CINCINNATI -- The Reds' lineup seems to have found some footing with two additions that didn't require a trade or a callup from the Minors. Since Eugenio Suarez and Scott Schebler were activated from their disabled list stints, both have provided a jolt to the offense.
Suarez provided two hits and four RBIs to twice give the Reds a lead, and Schebler collaborated with two hits and run. But Reds pitching couldn't make it hold up and Brewers closer Josh Hader held everybody down as Cincinnati was handed a 6-5 loss at Great American Ball Park.
"We were down twice in the game, came back and had some nice rallies and they just came and took it from us," Reds interim manager Jim Riggleman said.
It wasn't just two-out walks that hurt Reds reliever Wandy Peralta. It was two-out walks when Peralta was a strike away from getting out of the top of the seventh inning.
Cincinnati had taken a 5-3 lead in the bottom of the fifth on a sacrifice fly by Jose Peraza and two-run single by Suarez. Austin Brice delivered a scoreless sixth inning after starter Brandon Finnegan was pulled following 89 pitches over five innings.
Peralta was given the seventh and notched two flyouts with his first two batters. Then came trouble as Christian Yelich scorched a first-pitch single to center field.
"That's the guy we needed to get right there," Riggleman said.
On a 3-2 Peralta pitch, Ryan Braun drew a walk to put the tying run on first base. In a double steal as Travis Shaw batted, catcher Tucker Barnhart's throw to get Yelich at third base sailed into left field for a run-scoring error that put Braun on third base.
Shaw was down in a 1-2 count but Peralta couldn't put him away and gave up a walk. Right-hander Jared Hughes replaced the lefty and his first pitch to Domingo Santana was tattooed over center fielder Billy Hamilton's head for the two-run double that put the Brewers ahead.
"We've got to get one of the two left-handers out and we didn't," Riggleman said. "But you've got to give Yelich and Shaw credit. Wandy is a very tough left-hander to deal with, and they both got on."
The Reds could not come back again, especially after Brewers lefty reliever Josh Hader closed out the game with 2 2/3-scoreless-inning save and eight strikeouts. It was the first time in history that a pitcher struck out eight batters in less than three innings.
"Their closer there, Hader, that's quite a performance, so I don't think anybody was going hit him tonight," Riggleman said.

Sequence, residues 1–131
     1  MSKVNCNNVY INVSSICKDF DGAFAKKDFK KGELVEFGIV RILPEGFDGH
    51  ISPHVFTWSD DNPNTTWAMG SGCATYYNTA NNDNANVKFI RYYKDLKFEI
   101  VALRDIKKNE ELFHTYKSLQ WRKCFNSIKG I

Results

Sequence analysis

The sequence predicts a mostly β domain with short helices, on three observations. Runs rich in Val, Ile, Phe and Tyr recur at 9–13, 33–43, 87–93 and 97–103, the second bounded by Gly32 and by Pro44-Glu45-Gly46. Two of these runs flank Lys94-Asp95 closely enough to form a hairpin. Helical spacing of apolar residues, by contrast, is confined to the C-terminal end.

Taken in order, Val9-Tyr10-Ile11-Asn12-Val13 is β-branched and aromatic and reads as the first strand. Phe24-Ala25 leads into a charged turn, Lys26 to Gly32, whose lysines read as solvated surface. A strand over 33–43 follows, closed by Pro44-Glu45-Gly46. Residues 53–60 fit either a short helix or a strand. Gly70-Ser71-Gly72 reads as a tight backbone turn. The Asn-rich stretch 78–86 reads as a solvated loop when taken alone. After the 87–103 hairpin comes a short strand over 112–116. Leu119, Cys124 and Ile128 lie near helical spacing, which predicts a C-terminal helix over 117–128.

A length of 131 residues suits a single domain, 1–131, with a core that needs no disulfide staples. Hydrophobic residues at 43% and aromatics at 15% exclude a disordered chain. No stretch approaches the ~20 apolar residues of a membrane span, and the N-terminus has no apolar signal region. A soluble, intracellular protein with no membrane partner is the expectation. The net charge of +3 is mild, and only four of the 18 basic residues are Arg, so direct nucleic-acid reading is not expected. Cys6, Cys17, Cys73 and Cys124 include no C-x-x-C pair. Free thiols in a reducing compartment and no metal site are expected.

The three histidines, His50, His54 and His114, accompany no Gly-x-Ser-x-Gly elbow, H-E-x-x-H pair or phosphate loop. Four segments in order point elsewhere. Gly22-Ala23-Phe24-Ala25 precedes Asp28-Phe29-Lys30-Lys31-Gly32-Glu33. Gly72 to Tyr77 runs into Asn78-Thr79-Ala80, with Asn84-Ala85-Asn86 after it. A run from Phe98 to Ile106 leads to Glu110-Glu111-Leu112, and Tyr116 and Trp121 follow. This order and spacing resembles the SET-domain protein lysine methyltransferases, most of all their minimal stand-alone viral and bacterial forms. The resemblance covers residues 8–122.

That left Cincinnati with a Major League-worst 7-22 record to end April.
"It's kind of frustrating because as everybody knows, we are in a pretty bad situation right now and a very difficult situation," Peralta said via translator Julio Morillo. "I know and believe in my team. We're going to get out of this and we're going to be better."
If the Reds can do that, the returns of Suarez and Schebler could be key. Since he was activated from the DL, recovered from a fractured right thumb that put him out for three weeks, Suarez is batting .364 (8-for-22) with seven RBIs.
"Right now I just try to do my job and help my team and drive a lot of RBIs in, put a good swing on balls and make good at-bats. That's it," Suarez said.
Schebler is enjoying a six-game hitting streak and is batting .316 (12-for-38) in 10 games since returning from an ulnar nerve contusion in his right elbow. But Joey Votto and Peraza have also heated up considerably.
In the bottom of the fourth, Votto started a rally when he was hit by a pitch from Jhoulys Chacin and Schebler's double set up Suarez as he scorched a two-run double to the left-field corner for a 2-1 Reds lead. But Finnegan allowed a two-run homer to Lorenzo Cain out to center field in the top of the fifth to erase the advantage.
"It was good at-bats. Suarez and Schebler, they're good ballplayers. Joey speaks for himself being part of the rally, as usual," Riggleman said. "A disappointing loss. We hate to lose once we got the lead."
MOMENTS THAT MATTERED
Finnegan pulled after five: Finnegan gave up three earned runs, five hits and three walks with two strikeouts over his five innings. Besides Cain's long ball, he also gave up Manny Pina's solo homer in the fourth inning. Riggleman decided to make the move for the bullpen to begin the sixth, which surprised Finnegan.
"I felt fine. I didn't really have any taxing innings, I thought, besides the [two-walks, 20-pitch] first," said Finnegan. "I got through it easily after the first couple of batters, but it's not my call. I just have to keep grinding and keep pitching forward."
"Ninety pitches isn't much but five innings, it is a lot," Riggleman said. "The word that's used now is 'stress' innings. It was kind of a stressful 90 pitches. Danny Darwin and I felt that he was a little gassed. I very much considered sending him back out there, and Danny said 'I think he's had enough.' It was a good decision. Brice went out [and] put up a zero for us."
HE SAID IT
"I definitely didn't have my best stuff, but I'm learning to pitch with it. When I start getting my best stuff back, that means I'll be better." -- Finnegan, who has a 7.27 ERA in four starts after opening the season on the DL.
Homer Bailey (0-3, 4.19) is winless, and the Reds haven't won a game in any of his six starts this season. They will try to change that trajectory when the series continues vs. the Brewers at 7:10 p.m. ET Tuesday. Reds batters have scored 12 runs in his six starts, including only six runs while he's actually in the game. Right-hander Chase Anderson is scheduled to start for Milwaukee.